YOUNG: It's now at an emergency level. According to international standards, once you're over 15 percent for acute malnutrition, that's a nutritional crisis and an emergency. And we are there.

ROBERTSON (voice-over): The most common thing that comes into hospital is malnutrition, Dr. Abu Safia says. It creates complications, sometimes even death.


Even before the World Food Programme canceled food deliveries, children venting fears shared by adults, abandonment by the world.

UNKNOWN: No food, no water. No medicine. Our message to the world: shame on you. How dare you put (ph) your children while we eat animal food? Are you awaiting our death?

ROBERTSON (voice-over): The whole family is dead, Om Ibrahim (ph) wails. Is he the last one alive gesturing towards her grandson. As bad as hunger is, Israel's armaments remain more deadly. At Om Ibrahim's home in Nusrat, central Gaza, one granddaughter dug out of the rubble, killed. In the massive airstrike, another clings to life as rescuers give her CPR. In southern Gaza, where food supplies are slightly better, this plastic surgeon, just out of the besieged Al Nasser hospital in Khan Yunis, close to tears.

DR. AHMAD MOGHRABI, HEAD OF PLASTIC AND RECONSTRUCTIVE SURGERY, NASSER HOSPITAL: I couldn't offer anything to my children. We used to eat only, you know, only bread. My children, they want some sweets. I couldn't provide some sweets, for my children. My little, my little girl, three years old, she used to ask me many things, but I couldn't provide my little girl.

ROBERTSON: And just to give an idea of how precarious the food deliveries to Gaza are and what gives UN agencies real concern about malnutrition, the main border crossing from Israel into Gaza, Kerem Shalom, was blocked by protesters saying that the food was going to Hamas, not to the innocent people inside. Gaza, just the day before, 131 trucks had passed through the crossing. Quite a difference. Nic Robertson, CNN, Tel Aviv, Israel.


VAUSE: Coming up here on CNN, three days from now, Ukraine marks two years of war with Russia. A story of remarkable resilience against almost impossible odds, but for how much longer?


VAUSE: Russia's president says the withdrawal of Ukrainian troops from Avdiivka is an unconditional success. But Vladimir Putin says his forces cannot stop there. He says they need to push further into Ukraine and come well-stocked with weapons and ammunition. According to Russia's defense minister, Ukraine's retreat from the eastern town was chaotic. Sergei Shoigu (ph) says Russian forces wounded and captured a lot of Ukrainian soldiers in the process. Ukraine's foreign minister tells CNN that Sergei Shuguev would not have fallen if Ukrainian forces had received the ammunition which they needed.


And the fall of Avdiivka highlights the dire problems facing Ukraine after almost two long years of war. Crumbling Western support means weapon and ammunition are in short supply. Recruitment of new troops for the front lines is slow and everywhere across the country there are more and more graves of fallen men and women. CNN's Christiane Amanpour is in Lviv and shows us the toll the war is now taking and Ukraine's remarkable resilience so far.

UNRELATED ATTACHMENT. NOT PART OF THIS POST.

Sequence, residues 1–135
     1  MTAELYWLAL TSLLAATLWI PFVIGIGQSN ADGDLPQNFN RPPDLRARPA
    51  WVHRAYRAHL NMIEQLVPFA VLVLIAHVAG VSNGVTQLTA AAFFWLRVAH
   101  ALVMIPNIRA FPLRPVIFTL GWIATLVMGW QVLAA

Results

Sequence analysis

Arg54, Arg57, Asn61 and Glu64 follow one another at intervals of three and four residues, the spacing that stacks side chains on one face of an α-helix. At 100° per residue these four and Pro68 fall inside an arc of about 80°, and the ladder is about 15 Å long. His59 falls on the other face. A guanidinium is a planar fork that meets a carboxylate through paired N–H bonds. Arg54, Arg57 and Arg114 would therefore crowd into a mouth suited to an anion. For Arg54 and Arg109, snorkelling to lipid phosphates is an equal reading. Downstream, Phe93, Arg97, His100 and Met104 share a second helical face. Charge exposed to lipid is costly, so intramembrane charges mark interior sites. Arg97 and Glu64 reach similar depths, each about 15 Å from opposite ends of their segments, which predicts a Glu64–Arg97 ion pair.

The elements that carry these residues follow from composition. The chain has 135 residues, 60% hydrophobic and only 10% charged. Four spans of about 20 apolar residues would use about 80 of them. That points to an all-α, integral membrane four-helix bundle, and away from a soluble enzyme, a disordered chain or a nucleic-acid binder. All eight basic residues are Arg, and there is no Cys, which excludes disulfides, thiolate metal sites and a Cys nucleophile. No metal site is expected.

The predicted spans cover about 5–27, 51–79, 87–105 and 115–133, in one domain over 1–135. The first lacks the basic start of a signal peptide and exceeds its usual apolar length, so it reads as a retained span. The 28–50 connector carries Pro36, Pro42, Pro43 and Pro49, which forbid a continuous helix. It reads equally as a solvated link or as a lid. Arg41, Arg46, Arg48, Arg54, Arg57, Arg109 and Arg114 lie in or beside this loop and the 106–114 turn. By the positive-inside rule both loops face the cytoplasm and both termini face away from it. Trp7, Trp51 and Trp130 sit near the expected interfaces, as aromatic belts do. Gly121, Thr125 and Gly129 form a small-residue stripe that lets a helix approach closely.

CHRISTIANE AMANPOUR, CNN CHIEF INTERNATIONAL ANCHOR (voice-over): At first it looks beautiful, all the colors, the sheer density flying in the wind, so much Ukrainian yellow and blue. But when you realize that each flies above the body of a beloved, the pain is palpable. A mother cries, for her son. He came from Poland, from abroad, says Lyubov. He went to liberate our Ukraine. He said, Mom, I'm going to defend you. A woman seems to be talking to her fallen loved one. And this widow, Natalia, moves in for a kiss. Her husband, who had volunteered for the Eastern Front, was killed just shy of his 30th birthday five months ago, when shrapnel hit his head, leaving her and her small children alone.

I'm proud of my husband because his sacrifice is worth a lot, says Natalia. I believe that it's the duty of every man to defend his homeland. Having three children, he could have not gone, but understood that he was going to defend us. Lychakiv (ph) Cemetery in the western city of Lviv is like cemeteries all over Ukraine today. Two years ago, this was a grass field.

AMANPOUR: Today, it's a field of flags and the graves of those who've fallen defending this country. And on this two-year anniversary, families are asking whether Ukraine can continue leaving it up to their volunteers, or whether there needs to be a call-up to mobilize for the Front.

AMANPOUR (voice-over): Natalia agrees. Yes, definitely, she says, because if we don't defend ourselves, what kind of fate awaits us next? next. And if we don't defend our lands, Russia will be here soon. In the center of Lviv, there is a small recruitment office for the army's 3rd Assault Brigade. Just through this courtyard Sergeant Pavlo Dokin (ph) is in charge, and he shows us in. So, Pavlo, this is the recruitment office, the recruitment center?